The Transportation Security Administration has taken a bold step forward in securing commercial air, sea, and ground transportation, thanks to a renewed focus on technology. Are they using state-of-the-art scanners? Perhaps, but that’s not their focus these days. Instead, they’re busy protecting their employees from, er, controversial opinions:
The Transportation Security Administration (TSA) is blocking certain websites from the federal agency’s computers, including halting access by staffers to any Internet pages that contain a “controversial opinion,” according to an internal email obtained by CBS News.
The email was sent to all TSA employees from the Office of Information Technology on Friday afternoon.
It states that as of July 1, TSA employees will no longer be allowed to access five categories of websites that have been deemed “inappropriate for government access.”
What will TSA block? A few of these make sense, but as for others, well …
- Controversial opinion
- Criminal activity
- Extreme violence (including cartoon violence) and gruesome content
I’ve had to make decisions on Internet access and restrictions in the private sector, and I’ll grant that it isn’t easy. For some employees in a call center, the correct answer turned out to be no access at all; for others, Internet capability was necessary to do their job. Our company learned a lesson about gaming and chat early in our efforts, which was that granting access to it was a carte blanche to employees to stop working altogether. Even the application we used for intraoffice instant messaging became a problem at times. “Criminal activity” is a given, though, isn’t it?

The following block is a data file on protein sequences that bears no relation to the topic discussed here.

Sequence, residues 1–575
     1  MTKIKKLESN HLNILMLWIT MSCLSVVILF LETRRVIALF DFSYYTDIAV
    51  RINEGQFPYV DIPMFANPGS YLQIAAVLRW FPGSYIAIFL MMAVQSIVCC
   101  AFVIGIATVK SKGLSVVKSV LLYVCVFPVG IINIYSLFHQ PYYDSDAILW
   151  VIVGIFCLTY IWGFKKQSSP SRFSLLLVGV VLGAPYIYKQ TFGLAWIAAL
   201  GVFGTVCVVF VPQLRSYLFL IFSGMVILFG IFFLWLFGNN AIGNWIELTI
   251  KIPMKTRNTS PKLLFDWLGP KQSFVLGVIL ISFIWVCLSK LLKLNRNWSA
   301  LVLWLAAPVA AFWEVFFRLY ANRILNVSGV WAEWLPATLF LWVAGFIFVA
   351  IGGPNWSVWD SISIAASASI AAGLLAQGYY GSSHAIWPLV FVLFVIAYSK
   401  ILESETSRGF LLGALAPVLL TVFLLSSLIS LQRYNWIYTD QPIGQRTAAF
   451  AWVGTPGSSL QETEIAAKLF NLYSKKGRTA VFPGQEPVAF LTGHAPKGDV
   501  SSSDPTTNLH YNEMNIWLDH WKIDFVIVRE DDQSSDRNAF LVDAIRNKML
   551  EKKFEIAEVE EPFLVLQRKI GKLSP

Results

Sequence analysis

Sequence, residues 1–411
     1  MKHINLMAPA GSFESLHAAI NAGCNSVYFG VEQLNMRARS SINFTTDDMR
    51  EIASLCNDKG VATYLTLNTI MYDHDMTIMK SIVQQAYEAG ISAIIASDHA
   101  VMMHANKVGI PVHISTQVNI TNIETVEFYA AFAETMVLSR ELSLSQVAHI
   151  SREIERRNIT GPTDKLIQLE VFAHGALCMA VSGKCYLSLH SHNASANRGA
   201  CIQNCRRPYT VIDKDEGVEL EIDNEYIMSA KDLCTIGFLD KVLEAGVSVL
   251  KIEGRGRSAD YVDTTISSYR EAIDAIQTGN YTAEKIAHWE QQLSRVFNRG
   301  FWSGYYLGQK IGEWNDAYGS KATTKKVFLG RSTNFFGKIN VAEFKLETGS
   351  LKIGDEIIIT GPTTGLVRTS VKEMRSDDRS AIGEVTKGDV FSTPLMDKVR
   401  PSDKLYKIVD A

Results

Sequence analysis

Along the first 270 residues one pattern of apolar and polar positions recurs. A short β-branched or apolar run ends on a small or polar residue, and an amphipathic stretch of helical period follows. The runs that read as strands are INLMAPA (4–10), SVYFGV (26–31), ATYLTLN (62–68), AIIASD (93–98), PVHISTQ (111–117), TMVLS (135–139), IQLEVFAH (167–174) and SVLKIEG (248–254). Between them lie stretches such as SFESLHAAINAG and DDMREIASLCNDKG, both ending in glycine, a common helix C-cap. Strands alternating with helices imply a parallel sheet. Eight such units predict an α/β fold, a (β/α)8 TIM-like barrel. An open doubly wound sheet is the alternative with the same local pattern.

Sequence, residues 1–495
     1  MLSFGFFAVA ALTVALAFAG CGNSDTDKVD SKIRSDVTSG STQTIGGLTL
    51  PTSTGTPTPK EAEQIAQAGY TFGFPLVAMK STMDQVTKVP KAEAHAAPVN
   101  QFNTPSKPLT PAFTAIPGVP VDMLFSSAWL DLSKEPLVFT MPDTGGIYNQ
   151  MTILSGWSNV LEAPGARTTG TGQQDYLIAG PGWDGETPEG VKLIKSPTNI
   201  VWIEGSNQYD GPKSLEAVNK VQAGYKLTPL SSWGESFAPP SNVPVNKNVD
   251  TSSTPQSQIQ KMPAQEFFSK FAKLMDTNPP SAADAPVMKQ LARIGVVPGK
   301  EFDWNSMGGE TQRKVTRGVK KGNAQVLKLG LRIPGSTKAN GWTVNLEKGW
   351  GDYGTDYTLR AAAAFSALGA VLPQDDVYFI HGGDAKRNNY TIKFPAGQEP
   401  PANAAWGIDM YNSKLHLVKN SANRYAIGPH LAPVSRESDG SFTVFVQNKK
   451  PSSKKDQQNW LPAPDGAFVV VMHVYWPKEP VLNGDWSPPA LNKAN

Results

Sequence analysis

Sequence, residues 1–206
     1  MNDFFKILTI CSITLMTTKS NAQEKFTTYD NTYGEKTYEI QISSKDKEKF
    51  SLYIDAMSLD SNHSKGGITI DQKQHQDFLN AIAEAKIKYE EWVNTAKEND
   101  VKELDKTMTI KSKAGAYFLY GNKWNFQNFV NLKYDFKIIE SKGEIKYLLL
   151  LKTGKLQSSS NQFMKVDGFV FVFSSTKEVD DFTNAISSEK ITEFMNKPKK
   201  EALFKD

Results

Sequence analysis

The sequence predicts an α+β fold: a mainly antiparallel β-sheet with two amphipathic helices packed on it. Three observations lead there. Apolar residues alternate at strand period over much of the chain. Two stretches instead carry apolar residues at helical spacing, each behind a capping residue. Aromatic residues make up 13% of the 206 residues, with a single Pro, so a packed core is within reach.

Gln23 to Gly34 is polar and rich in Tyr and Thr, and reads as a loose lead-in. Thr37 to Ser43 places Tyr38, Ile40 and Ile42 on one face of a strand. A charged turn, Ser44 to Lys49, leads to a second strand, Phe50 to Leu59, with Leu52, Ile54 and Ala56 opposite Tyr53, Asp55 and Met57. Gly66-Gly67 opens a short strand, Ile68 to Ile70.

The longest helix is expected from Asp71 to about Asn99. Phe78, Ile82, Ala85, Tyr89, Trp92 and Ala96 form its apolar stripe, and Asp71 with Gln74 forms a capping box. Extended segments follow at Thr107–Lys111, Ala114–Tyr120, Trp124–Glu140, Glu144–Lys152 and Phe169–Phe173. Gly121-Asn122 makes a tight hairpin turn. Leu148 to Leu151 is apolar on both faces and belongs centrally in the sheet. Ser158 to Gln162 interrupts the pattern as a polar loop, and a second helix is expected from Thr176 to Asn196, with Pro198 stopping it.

However, the “controversial opinion” and “gruesome content” restrictions are just begging for arguments. Who decides what is “controversial” and what is “gruesome”? Do some opinion sites get through, while others get blocked, and on what basis will those decisions be made? Will Fox News get blocked but MSNBC approved, or vice versa? How about the HuffPo and Hot Air, or the Wall Street Journal and the New York Times? The Nation and National Review? “Controversial opinions” are, after all, the lifeblood of American politics and of free speech.
Or, given the track record of government agencies and Internet access, maybe the TSA would be better advised to cut off the Internet and tell people to pay attention to their jobs.